eso9861 — Tudományos közlemények
Distant Supernovae Indicate Ever-Expanding Universe
ESO Astronomers Contribute towards Resolution of Cosmic Puzzle
1998. december 15.
Since the discovery of the expansion of the Universe by American astronomer Edwin Hubble in the 1920's, by measurement of galaxy velocities, astronomers have tried to learn how this expansion changes with time. Until now, most scientists have been considering two possibilities: the expansion rate is slowing down and will ultimately either come to a halt - whereafter the Universe would start to contract, or it will continue to expand forever. However, new studies by two independent research teams, based on observations of exploding stars (supernovae) by ESO astronomers  with astronomical telescopes at the La Silla Observatory as well as those of their colleagues at other institutions, appear to show that the expansion of the Universe is accelerating .
The results take the discovery of the cosmological expansion one step further and challenge recent models of the Universe. If the new measurements are indeed correct, they show that the elusive "cosmological constant" , as proposed by Albert Einstein , contributes significantly to the evolution of the Universe. The existence of a non-zero cosmological constant implies that a repulsive force, counter-acting gravity, currently dominates the universal expansion , and consequently leads to an ever-expanding Universe.
This new research is being named as the "Breakthrough of the Year" by the renowned US science journal Science in the December 18, 1998, issue. A Press Release is published by the journal on this occasion.
"Fundamental Parameters" of the Universe
Three fundamental parameters govern all cosmological models based on the theory of General Relativity. They are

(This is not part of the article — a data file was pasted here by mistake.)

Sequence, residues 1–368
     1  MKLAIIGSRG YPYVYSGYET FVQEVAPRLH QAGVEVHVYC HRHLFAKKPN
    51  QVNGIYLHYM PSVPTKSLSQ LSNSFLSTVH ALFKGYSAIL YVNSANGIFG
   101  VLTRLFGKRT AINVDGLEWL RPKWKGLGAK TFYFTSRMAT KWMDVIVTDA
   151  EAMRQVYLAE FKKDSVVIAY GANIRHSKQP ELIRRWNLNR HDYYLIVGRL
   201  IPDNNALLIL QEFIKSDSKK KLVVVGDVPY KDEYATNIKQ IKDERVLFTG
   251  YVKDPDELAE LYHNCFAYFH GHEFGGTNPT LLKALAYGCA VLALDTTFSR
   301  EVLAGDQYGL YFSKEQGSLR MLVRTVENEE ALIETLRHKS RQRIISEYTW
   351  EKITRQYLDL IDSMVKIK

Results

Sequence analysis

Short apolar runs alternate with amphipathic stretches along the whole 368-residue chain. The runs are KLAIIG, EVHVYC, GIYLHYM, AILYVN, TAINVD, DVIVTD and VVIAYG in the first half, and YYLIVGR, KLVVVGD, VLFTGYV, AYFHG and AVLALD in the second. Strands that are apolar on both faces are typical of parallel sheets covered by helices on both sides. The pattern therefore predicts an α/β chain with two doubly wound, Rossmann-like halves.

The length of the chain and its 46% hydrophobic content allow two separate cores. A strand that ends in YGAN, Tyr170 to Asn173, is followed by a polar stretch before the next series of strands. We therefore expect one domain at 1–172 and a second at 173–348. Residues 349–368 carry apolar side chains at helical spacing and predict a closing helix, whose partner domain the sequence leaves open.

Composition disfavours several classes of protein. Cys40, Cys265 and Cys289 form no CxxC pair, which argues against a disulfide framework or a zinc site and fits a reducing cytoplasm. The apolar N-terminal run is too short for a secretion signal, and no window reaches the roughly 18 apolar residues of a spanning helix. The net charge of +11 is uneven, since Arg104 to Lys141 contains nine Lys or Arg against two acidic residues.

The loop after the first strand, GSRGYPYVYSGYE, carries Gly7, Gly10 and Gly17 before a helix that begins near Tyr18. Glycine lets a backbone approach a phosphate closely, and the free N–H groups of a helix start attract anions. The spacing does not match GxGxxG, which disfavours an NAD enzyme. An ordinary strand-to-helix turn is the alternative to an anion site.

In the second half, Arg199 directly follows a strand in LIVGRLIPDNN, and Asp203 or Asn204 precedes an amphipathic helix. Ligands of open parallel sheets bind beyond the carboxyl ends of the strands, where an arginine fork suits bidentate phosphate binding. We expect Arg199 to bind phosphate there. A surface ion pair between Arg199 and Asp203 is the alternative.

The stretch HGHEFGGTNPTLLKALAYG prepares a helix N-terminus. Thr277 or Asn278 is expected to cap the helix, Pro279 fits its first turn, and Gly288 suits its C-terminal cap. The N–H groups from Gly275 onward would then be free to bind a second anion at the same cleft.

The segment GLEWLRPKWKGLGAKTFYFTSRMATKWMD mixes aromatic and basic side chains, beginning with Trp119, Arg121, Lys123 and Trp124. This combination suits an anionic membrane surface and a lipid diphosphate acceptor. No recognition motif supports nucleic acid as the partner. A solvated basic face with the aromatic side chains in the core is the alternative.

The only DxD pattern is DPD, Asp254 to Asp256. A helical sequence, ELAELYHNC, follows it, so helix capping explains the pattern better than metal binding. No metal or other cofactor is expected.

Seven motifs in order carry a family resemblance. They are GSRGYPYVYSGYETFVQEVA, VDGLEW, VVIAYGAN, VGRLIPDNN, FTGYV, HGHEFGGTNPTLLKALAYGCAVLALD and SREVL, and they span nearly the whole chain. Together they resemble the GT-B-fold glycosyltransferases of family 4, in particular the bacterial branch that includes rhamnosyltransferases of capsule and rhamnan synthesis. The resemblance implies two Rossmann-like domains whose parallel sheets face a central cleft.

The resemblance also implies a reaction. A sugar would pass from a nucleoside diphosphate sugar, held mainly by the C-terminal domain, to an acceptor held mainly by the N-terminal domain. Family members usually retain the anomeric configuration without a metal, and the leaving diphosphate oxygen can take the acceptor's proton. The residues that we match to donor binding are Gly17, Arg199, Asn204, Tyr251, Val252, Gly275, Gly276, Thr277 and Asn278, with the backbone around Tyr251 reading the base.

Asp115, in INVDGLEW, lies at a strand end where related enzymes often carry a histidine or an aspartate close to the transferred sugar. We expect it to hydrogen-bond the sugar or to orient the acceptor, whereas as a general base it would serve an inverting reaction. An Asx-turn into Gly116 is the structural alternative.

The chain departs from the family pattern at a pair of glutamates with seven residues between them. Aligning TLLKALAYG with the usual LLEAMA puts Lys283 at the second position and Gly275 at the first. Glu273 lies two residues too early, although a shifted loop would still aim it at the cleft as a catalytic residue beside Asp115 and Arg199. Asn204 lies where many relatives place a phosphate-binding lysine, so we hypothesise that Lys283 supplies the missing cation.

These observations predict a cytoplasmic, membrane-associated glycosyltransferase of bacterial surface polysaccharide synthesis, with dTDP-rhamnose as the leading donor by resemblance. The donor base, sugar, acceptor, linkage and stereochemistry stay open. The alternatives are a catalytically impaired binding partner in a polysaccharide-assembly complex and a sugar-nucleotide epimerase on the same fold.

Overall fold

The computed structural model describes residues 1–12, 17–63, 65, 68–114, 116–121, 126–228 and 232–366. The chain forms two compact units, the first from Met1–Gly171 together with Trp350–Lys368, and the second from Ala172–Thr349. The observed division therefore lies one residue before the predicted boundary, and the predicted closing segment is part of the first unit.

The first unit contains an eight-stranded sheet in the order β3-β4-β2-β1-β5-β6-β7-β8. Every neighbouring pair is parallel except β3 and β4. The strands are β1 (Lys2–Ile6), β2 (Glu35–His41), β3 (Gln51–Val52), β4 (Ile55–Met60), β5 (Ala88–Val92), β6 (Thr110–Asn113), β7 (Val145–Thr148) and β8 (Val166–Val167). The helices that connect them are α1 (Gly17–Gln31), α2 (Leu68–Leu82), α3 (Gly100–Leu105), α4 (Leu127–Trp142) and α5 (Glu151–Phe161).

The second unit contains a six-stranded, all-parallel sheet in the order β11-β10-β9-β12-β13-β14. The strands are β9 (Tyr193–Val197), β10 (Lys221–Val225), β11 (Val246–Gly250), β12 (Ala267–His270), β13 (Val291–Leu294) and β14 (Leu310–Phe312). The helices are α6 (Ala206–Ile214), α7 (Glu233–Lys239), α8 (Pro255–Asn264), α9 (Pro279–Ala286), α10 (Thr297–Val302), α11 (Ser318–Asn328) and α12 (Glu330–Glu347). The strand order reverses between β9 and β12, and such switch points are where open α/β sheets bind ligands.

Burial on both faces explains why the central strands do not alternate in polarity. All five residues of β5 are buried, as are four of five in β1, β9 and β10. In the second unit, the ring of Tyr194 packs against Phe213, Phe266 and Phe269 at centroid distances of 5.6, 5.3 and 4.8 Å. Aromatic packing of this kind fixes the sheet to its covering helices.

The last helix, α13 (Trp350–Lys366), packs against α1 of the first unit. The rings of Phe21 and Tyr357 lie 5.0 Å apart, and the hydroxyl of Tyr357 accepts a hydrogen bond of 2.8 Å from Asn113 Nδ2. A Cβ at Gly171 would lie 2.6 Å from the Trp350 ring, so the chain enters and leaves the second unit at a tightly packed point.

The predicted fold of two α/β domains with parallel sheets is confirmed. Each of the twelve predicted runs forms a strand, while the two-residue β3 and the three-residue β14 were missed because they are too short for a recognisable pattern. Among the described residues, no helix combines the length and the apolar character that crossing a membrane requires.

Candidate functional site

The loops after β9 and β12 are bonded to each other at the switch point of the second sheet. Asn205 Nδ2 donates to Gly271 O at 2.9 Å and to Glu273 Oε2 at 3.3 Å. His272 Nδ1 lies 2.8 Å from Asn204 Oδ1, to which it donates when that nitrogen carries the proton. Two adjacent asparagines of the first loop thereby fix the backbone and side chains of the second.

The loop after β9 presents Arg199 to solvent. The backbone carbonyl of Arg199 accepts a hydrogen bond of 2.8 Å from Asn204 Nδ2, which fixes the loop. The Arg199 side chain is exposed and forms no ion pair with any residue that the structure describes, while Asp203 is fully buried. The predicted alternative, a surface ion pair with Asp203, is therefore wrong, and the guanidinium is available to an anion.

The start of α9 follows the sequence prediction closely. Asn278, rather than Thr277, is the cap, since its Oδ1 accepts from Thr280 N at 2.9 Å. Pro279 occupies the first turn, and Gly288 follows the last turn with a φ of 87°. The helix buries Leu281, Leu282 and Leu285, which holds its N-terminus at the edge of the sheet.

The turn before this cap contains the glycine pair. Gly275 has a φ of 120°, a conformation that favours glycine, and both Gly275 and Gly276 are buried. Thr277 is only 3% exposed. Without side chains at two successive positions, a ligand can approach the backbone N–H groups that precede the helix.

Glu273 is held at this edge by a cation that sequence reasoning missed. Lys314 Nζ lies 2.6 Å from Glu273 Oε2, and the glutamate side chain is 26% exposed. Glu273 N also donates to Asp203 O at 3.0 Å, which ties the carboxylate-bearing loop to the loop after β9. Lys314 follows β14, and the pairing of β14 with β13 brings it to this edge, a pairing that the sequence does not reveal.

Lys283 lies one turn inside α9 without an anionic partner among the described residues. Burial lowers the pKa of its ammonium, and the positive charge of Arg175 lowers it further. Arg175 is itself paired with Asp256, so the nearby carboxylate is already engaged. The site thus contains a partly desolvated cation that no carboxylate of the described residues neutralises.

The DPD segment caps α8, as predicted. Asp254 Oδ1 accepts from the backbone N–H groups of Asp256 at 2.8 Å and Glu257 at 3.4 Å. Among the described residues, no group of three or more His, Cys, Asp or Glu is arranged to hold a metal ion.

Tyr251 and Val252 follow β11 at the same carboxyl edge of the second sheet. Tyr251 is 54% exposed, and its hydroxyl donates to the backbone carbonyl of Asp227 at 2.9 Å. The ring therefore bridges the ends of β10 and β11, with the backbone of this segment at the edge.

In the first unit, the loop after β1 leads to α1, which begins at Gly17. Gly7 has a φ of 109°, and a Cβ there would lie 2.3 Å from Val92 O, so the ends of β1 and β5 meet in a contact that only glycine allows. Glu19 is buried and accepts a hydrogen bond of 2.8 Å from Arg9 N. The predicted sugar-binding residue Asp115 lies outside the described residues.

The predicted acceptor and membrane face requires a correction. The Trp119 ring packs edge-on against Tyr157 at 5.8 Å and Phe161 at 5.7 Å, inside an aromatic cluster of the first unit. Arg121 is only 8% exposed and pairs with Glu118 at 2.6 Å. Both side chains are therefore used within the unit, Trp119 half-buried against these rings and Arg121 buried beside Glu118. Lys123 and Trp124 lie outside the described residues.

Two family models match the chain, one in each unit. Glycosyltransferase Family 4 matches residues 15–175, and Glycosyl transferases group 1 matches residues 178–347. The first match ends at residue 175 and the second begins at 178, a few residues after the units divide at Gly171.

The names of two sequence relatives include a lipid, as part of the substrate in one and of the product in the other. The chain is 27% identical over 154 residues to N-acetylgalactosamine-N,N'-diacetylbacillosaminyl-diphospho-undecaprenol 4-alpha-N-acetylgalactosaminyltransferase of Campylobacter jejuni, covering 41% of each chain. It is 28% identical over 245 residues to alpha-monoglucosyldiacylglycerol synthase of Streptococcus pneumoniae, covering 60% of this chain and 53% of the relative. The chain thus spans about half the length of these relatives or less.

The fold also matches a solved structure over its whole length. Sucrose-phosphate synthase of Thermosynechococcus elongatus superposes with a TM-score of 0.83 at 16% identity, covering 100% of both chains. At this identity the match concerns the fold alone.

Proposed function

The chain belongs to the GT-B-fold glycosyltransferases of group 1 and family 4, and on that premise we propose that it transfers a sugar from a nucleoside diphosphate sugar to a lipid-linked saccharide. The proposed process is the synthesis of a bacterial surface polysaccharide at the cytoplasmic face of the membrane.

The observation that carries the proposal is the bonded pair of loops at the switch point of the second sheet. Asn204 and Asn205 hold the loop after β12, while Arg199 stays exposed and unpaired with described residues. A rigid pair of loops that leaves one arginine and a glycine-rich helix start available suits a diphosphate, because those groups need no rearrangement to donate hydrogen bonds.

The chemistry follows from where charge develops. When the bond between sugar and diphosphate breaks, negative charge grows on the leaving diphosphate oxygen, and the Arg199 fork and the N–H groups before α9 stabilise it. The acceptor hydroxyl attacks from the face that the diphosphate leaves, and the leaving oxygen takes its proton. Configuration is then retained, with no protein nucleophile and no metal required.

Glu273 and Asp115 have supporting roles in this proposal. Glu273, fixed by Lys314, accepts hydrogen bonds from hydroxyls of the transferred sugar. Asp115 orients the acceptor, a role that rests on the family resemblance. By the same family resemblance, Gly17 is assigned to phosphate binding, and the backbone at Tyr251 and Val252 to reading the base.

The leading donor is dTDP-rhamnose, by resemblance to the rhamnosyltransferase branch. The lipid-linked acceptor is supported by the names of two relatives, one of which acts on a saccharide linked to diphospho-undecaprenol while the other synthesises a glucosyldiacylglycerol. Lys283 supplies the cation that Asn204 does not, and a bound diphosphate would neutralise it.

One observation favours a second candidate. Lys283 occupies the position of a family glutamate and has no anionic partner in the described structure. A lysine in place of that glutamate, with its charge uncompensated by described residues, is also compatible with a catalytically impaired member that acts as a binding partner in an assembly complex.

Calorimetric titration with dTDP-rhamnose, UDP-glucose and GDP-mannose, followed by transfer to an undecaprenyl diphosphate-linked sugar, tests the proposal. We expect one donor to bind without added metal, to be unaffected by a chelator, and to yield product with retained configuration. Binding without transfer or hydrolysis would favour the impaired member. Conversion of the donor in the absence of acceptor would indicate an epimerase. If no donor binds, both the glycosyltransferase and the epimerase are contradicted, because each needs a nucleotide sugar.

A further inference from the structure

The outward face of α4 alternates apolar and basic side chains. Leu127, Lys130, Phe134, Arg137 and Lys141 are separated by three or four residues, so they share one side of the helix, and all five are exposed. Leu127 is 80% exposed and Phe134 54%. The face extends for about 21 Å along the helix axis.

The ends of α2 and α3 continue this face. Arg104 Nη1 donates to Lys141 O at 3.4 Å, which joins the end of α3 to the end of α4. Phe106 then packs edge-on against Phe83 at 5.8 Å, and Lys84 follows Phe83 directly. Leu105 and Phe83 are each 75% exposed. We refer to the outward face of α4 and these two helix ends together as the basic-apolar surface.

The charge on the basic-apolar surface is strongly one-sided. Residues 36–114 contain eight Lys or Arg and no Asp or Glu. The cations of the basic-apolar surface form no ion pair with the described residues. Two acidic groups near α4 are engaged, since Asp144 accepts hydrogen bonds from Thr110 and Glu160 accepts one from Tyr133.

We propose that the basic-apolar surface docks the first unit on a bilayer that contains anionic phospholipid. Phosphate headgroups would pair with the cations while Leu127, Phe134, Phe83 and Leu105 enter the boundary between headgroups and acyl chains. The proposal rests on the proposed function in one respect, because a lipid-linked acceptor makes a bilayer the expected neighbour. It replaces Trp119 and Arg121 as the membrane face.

- the current expansion rate as described by Hubble's constant , i.e. the proportionality factor between expansion velocity and distance
- the average matter density in the Universe, and
- the amount of "other energy" present in space.
From the measured values of these fundamental parameters, the age of the Universe and the geometry of space can be derived.
They have been the focus of a large number of astronomical programmes over the past decades. Many aspects of the currently preferred cosmological model, the Hot Big Bang , have been impressively confirmed by observations of the expansion of the Universe, the cosmic background radiation, and also the explanation of the synthesis of light elements.
Still, our knowledge about the dynamical state of the Universe, as well as the early formation of structures, i.e., of galaxies and stars, is far from complete - this remains a field of active research. Possibly, the simplest way to test our present assumptions in this direction is to measure accurate distances and compare them with the expected cosmic scale. This is where the recent results contribute to our understanding of the Universe.